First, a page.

With the mention of Ms. Carr’s name, most people will associate her with her vast collection of paintings representing British Columbia landscapes as well as First Nations villages and the abundant forests that call BC home. An animal lover, Emily Carr was no stranger to Vancouver Island’s west coast, making frequent trips to Ucluelet – many of her earliest sketches and paintings are of this area. Though her homebase was always Victoria, Ms. Carr also spent a great deal of time in the Queen Charlotte Islands and on Moresby Island. Her last trip up north was in the summer of 1928.


Photo: Wholesale Oil Painting

Following a stroke in 1939, Emily Carr’s ability to paint was deeply affected, and it was then that her writing became her prominent creative outlet. Ms. Carr’s first book was published in 1941. Her writing was widely well received and she was to receive an honourary doctorate from the University of British Columbia. Sadly Emily Carr passed away in the spring of 1945 shortly prior to this award.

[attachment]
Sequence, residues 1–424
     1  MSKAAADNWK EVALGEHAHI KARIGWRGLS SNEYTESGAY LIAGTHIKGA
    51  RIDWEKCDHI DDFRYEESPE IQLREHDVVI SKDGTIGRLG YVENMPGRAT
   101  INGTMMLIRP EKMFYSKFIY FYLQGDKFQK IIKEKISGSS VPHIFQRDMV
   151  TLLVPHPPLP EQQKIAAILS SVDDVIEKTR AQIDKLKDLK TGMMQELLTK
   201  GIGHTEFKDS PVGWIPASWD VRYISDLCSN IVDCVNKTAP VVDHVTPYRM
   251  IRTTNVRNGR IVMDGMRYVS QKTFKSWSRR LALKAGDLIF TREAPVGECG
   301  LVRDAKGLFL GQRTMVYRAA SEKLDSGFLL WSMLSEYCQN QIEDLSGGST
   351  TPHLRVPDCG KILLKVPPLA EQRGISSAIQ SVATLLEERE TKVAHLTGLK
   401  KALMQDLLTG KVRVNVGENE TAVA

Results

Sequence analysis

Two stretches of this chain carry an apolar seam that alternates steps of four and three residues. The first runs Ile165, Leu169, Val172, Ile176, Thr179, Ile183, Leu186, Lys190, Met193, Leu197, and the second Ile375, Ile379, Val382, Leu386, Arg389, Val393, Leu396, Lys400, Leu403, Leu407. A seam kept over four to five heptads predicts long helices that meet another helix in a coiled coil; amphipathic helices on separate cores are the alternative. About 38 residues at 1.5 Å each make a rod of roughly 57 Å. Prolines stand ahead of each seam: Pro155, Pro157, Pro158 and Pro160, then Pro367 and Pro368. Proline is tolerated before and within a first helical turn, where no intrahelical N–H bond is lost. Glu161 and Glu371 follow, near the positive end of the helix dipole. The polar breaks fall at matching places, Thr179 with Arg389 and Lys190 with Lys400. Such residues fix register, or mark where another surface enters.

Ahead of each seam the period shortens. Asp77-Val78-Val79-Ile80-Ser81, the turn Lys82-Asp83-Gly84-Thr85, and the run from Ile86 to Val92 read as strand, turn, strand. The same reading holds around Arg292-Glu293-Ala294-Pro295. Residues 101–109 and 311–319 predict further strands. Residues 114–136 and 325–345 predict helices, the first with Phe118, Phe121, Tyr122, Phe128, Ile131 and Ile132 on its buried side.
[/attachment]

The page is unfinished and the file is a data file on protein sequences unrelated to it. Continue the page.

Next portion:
In her death, Emily Carr and her incredible work are celebrated and admired. In a time when convention was everything, Ms. Carr carved her own path in life and held on to her independence. She is seen by some as one of the very first pioneers of the women’s liberation movement. As such, Emily Carr has had several Canadian schools and libraries named in her honour, as well as Vancouver’s famous Emily Carr Institute of Art + Design on Granville Island. Today, her work is undoubtedly held in high esteem with most pieces selling for six figures. More recently, an unnamed buyer purchased one of her paintings for a record-shattering $2.16 million! To view more of Emily Carr’s stunning paintings online, please visit Emily Carr At Home and At Work. If you’d like to see Emily Carr’s work with your own eyes, consider a trip to the Vancouver Art Gallery which regularly houses a large number from her collection.

About Keira: Keira-Anne has been blogging about Vancouver Island on Keira-Anne.com since 2005.